Date of Original Version

1995

Type

Article

Abstract or Description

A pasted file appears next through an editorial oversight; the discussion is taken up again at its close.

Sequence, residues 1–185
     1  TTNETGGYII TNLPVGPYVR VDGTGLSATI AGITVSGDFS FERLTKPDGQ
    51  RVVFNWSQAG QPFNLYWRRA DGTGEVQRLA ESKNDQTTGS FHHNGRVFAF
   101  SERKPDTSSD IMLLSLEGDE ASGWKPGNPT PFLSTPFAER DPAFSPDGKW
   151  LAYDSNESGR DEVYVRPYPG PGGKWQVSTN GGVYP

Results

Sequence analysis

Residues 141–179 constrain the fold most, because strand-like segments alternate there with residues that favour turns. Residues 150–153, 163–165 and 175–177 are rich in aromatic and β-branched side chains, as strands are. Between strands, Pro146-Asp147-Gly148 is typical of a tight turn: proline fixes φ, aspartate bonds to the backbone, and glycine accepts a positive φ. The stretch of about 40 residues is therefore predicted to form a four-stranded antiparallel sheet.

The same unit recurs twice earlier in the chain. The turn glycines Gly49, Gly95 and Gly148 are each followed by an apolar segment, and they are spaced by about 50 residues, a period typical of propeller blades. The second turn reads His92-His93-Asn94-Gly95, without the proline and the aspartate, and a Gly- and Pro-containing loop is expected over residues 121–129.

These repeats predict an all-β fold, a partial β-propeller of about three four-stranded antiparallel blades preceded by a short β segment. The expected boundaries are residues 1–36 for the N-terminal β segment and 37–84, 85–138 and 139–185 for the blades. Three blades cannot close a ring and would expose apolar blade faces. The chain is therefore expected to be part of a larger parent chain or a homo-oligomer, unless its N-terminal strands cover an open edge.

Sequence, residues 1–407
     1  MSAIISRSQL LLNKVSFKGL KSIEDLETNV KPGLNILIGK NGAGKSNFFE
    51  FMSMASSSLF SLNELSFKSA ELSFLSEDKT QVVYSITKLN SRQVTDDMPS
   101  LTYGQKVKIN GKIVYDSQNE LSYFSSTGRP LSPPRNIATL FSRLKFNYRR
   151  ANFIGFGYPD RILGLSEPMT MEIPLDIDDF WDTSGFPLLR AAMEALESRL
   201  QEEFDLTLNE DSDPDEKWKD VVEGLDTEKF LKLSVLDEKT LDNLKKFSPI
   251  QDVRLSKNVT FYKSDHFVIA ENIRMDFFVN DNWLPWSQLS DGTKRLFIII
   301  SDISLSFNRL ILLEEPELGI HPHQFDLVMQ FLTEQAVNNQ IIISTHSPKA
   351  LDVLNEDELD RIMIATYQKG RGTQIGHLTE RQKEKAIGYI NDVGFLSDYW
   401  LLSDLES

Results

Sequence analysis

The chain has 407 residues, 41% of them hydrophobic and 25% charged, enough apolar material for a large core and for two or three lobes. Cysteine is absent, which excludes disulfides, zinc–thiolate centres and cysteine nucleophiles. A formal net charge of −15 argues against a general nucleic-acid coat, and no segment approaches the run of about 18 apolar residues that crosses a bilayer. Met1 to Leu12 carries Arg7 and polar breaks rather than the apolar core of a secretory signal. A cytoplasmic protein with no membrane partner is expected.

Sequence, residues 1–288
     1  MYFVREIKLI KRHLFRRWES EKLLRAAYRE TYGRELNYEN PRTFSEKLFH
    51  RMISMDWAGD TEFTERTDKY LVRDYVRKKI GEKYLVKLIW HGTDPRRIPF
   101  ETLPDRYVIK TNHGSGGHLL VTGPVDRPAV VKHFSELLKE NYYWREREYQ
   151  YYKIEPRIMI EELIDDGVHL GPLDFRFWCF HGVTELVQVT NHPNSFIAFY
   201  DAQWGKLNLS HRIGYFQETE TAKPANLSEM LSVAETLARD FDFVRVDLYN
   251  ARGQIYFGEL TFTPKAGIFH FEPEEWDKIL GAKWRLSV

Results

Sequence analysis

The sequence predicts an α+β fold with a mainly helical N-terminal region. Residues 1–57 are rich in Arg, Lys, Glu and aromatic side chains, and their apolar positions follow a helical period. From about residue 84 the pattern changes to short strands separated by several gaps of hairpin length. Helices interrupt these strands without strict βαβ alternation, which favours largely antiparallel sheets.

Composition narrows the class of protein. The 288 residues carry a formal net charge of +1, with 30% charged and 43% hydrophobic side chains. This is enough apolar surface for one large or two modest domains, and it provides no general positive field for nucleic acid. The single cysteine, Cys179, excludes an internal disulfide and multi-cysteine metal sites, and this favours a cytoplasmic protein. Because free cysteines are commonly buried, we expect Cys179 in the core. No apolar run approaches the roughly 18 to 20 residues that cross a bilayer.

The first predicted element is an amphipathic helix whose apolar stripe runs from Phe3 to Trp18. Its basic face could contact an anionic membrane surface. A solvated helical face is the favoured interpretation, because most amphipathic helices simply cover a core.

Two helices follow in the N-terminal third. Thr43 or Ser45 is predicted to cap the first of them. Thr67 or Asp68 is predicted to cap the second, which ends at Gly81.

Several different interpretations have been offered to explain the mechanism giving rise to the linear relationship between word length and reading time shown by patients with pure alexia or letter-by-letter reading. One interpretation attributes this word length effect to a spatial impairment in which there is a left-right gradient of processing efficiency. This fundamental resource limitation requires that the patient focus on each letter in turn to increase its signal-to-noise ratio and discriminability, especially for letters towards the end of the string. An alternative view attributes the word length effect to a letter activation deficit that disrupts the rapid and efficient processing of single letters. In this paper, we examine these two hypotheses in relation to DS, a letter-by-letter reader. DS is able to distribute her attention to multiple locations in parallel and her performance is unaffected by the absolute or relative spatial location of the letters in a string. She is, however, impaired at reporting the identity of a letter independent of its spatial location and requires an abnormally long time to process each letter. Furthermore, investigations of DS's reading, using Howard's (1991) analyses of reaction time distributions, suggest that she processes each letter in a sequential order. Based on the results of these studies, we propose that prototypic pure alexia is a nonspatial visual disorder that affects the activation of individual letters.

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